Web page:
In October 1947, the Minister for Immigration, Mr Calwell, invited the remaining escaped prisoners of war to surrender by November 15 1947. If they did so, they would still be considered for re-entry into Australia as a migrant. If they did not come forward, when they were eventually captured, they would be deported and not be allowed re-entry to Australia.
In October 1948 there were two German prisoners of war and 41 Italian prisoners of war hiding out in Australia. The Commonwealth Government offered a £25 reward for information leading to the arrest and capture of any of these men.
By November 1949, newspapers reported that it was believed that 25 prisoners of war remained ‘at large’. Two ‘escaped’ Italians made their own way home to Italy: Mario Shivitz and Gustavo Norbiato.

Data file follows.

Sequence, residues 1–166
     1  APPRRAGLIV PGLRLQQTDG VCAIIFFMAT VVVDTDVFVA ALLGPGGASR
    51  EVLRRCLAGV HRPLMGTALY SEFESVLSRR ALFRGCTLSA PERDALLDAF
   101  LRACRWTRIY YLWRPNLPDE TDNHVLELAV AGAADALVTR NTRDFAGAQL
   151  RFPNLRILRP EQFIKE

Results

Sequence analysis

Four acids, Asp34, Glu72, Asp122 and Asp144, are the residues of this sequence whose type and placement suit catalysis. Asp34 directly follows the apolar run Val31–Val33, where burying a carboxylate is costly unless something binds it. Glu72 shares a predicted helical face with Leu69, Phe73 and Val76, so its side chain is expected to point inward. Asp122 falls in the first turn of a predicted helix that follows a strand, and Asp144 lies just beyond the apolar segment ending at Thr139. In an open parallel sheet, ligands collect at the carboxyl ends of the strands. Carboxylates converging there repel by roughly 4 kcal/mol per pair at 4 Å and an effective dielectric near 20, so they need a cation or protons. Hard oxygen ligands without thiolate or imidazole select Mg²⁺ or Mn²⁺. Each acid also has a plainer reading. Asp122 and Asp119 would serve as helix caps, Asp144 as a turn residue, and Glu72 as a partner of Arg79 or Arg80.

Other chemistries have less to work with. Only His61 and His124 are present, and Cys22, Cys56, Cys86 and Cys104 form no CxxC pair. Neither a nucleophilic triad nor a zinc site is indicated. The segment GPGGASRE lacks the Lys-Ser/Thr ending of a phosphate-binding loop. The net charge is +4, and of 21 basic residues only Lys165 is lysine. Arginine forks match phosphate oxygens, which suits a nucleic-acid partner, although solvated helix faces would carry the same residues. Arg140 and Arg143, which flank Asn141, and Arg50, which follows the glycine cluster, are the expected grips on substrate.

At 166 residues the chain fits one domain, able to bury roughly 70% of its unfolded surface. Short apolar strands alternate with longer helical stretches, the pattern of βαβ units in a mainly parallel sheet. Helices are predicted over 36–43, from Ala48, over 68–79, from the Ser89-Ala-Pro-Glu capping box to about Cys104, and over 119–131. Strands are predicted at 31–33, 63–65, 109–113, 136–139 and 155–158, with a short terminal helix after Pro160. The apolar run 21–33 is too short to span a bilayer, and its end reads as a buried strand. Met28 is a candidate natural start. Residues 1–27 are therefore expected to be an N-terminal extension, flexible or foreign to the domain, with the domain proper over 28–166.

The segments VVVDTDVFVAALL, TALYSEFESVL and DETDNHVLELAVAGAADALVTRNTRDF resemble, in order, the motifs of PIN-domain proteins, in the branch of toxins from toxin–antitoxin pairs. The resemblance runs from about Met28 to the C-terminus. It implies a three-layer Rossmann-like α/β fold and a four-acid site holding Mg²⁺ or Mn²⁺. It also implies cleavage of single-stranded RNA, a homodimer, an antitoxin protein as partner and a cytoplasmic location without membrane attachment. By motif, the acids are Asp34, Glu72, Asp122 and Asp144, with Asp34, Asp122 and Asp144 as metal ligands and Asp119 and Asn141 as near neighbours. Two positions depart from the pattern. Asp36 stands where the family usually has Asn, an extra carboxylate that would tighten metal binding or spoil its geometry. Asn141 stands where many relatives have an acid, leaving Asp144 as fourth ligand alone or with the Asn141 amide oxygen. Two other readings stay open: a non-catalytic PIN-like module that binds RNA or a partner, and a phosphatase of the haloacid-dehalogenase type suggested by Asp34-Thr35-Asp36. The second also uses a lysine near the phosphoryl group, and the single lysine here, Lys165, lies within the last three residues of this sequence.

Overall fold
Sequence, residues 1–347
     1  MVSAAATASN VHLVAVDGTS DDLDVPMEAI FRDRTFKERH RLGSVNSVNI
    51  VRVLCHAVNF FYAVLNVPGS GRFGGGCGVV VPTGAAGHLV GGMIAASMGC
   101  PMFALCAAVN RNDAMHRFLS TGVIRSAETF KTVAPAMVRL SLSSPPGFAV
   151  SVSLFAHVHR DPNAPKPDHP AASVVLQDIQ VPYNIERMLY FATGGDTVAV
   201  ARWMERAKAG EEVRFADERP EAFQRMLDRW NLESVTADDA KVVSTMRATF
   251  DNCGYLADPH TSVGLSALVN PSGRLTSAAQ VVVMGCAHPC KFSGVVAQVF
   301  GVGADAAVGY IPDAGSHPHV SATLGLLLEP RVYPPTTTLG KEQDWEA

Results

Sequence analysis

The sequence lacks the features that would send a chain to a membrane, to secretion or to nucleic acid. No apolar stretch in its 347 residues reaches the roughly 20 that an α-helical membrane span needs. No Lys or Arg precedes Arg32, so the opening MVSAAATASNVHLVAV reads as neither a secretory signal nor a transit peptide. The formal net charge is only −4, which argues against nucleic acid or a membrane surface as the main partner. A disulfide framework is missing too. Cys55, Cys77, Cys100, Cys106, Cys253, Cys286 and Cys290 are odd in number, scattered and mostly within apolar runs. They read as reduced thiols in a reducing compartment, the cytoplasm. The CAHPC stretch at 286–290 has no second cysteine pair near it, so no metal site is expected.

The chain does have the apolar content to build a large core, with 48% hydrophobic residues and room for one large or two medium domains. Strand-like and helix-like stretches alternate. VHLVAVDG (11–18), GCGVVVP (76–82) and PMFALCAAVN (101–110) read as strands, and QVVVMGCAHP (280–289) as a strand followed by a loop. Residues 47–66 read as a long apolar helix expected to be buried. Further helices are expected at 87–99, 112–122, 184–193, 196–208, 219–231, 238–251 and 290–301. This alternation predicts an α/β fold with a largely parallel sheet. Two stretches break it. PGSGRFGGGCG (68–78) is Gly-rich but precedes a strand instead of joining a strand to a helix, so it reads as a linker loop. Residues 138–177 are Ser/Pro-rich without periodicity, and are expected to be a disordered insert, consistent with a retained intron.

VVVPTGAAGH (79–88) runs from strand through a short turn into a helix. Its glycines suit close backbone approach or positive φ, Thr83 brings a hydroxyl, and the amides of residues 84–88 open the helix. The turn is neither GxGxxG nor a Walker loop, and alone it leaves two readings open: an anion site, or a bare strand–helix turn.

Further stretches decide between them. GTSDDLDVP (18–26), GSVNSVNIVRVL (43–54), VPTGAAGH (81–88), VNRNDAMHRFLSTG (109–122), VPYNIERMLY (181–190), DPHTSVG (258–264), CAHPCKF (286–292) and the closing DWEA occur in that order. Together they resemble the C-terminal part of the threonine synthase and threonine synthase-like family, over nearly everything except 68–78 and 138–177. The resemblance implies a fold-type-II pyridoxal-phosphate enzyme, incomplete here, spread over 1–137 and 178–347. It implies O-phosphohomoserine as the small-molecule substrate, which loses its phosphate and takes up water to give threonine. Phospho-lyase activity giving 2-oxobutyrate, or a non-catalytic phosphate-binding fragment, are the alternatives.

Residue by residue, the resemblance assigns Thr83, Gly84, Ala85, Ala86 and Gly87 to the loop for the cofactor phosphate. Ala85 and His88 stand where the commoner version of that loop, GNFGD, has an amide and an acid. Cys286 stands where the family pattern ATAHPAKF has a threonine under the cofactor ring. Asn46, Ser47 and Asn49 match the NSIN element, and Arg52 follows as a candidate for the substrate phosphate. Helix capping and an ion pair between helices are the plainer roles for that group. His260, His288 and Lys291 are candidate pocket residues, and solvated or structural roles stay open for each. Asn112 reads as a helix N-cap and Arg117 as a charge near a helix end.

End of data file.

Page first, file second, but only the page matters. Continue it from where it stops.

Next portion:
One of the more unusual stories is that of Osvoldo Paier. He evaded arrest in Australia and found his own passage back to Italy in 1949. In July 1950 he re-entered Australia as a sponsored migrant.
1952 ‘Escapee returns’, The Herald (Melbourne, Vic. : 1861 – 1954), 12 February, p. 7. , viewed 26 Jul 2022, http://nla.gov.au/nla.news-article246049706
By 1952, there were 17 ‘escaped’ Italian prisoners of war remaining in Australia. They were no longer the responsibility of the Department of Army and their cases were transferred to the Department of Immigration. In time, all 17 were accounted for (arrested or surrendered). They were released on parole until an investigation was undertaken. On the basis of a favourable report for their good character and work ethic, they were granted Temporary Alien Visas and remained in Australia.